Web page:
You might think that inheritance disputes only happen in Hollywood, but they sadly occur a lot and many times among normal families. There doesn’t even need to be large sums of money involved, survivors still disagree about matters such as the disposition of personal sentimental property.

Three of the most common causes of inheritance disputes are as follows:

Failure of Intentions: We often see the drama on TV and films where families gather in the lawyer’s office after the funeral of a relative. When the lawyer finishes reading his will or trust, someone faints or gets up in anger in protest, claiming “That’s not what he meant!” In short, they believe that they have been left from inheritance due to an accident. These errors can result from a lack of coordination of inherent land documents and property rights, or failure to keep land plans up to date with changes in tax laws or family circumstances, such as divorce, adoption or birth. Sometimes, disputes arise only because of poor communication, written and oral, between family members.

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Perception of Inequality: Even where family members are included in inheritance, they may feel they have been undervalued by the intentions expressed by the deceased. Should you find yourself in this unfortunate predicament, contact Solicitors Huddersfield like

The wrongdoing during or after the life of the deceased:

Sometimes beneficiaries find after the death of their loved ones that their relatives were subjected to financial persecution during their lifetime. For example, a health care helper convinces an elderly patient to authorize him on a patient’s bank account and his abuse becomes clear when an asset inventory is taken after the patient’s death. Or an executor or trustee violates his obligations by mismanaging assets or charging excessive fees for services.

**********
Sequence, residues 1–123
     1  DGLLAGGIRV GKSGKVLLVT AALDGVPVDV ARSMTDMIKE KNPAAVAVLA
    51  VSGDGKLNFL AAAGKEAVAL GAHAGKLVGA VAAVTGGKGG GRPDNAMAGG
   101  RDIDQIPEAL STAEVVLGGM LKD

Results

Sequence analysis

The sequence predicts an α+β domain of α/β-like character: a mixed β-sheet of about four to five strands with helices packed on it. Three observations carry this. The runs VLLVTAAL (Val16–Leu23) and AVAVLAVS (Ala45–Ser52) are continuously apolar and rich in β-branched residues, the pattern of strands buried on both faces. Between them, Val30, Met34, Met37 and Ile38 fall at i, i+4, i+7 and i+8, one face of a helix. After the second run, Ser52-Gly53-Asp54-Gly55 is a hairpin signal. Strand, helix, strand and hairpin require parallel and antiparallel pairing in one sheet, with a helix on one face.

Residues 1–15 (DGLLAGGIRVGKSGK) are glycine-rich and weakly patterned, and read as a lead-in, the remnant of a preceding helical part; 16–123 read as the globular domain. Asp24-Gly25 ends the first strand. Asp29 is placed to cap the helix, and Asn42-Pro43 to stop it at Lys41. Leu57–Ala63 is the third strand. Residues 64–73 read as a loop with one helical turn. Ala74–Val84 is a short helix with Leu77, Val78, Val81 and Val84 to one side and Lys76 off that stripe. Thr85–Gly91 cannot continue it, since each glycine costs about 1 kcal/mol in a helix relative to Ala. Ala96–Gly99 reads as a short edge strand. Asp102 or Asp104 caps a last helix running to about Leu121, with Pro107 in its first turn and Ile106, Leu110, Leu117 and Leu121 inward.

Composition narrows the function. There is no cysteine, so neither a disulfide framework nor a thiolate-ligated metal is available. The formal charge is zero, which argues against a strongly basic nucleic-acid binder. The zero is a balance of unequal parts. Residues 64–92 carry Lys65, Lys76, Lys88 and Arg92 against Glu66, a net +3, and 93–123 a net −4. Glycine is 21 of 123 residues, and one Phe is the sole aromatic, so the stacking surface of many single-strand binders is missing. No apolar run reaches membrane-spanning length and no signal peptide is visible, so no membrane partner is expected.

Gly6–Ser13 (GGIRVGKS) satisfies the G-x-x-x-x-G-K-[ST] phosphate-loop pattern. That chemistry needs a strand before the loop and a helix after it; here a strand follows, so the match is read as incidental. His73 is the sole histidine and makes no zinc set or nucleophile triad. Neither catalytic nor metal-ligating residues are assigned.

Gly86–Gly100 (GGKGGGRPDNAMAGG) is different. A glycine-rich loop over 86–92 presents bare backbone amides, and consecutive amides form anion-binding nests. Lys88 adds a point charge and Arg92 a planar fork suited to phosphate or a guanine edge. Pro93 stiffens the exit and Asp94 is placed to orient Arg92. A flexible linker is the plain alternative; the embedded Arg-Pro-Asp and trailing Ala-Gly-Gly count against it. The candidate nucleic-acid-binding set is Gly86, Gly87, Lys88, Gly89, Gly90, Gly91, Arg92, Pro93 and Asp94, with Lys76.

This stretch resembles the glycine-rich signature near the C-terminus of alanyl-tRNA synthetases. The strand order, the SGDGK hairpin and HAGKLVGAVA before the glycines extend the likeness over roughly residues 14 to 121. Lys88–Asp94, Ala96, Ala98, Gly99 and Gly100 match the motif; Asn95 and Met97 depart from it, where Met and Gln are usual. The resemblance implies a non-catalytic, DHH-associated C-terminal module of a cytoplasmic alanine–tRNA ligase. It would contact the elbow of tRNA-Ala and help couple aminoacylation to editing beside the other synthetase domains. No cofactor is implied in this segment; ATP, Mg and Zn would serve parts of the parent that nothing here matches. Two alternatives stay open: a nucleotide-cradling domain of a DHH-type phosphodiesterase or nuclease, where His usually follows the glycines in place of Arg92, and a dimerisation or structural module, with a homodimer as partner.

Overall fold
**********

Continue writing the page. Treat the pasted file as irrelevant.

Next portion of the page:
So, the question becomes, what can the disgruntled family members do if they feel the will is lacking or incorrect?

First, there is an option to go to court. However, to do so, the injured party must have a legal position as the heir of the deceased, as a creditor, or prosecutor for property on the estate. This will include anyone who is truly referred to as the recipient in the inheritance document as well as anyone who will have rights to the inheritance if the will is deemed invalid or non-existent. So, the person who died may have the intention to exclude a child from inheritance, but if this is not made absolutely clear in the inheritance document, the child’s case can be heard in the will.

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Also needed to start a trial is evidence that the provisions of the estate plan – be it the intention of the recipient of a will or trust – are somehow incorrect. This evidence may be in the form of medical records documenting the mental inability of the deceased when making a will, or evidence that the deceased person is a victim of coercion or fraud in the management or disposal of his assets. Sometimes the necessary evidence comes in the form of a newly discovered will or trust that precedes the previous document.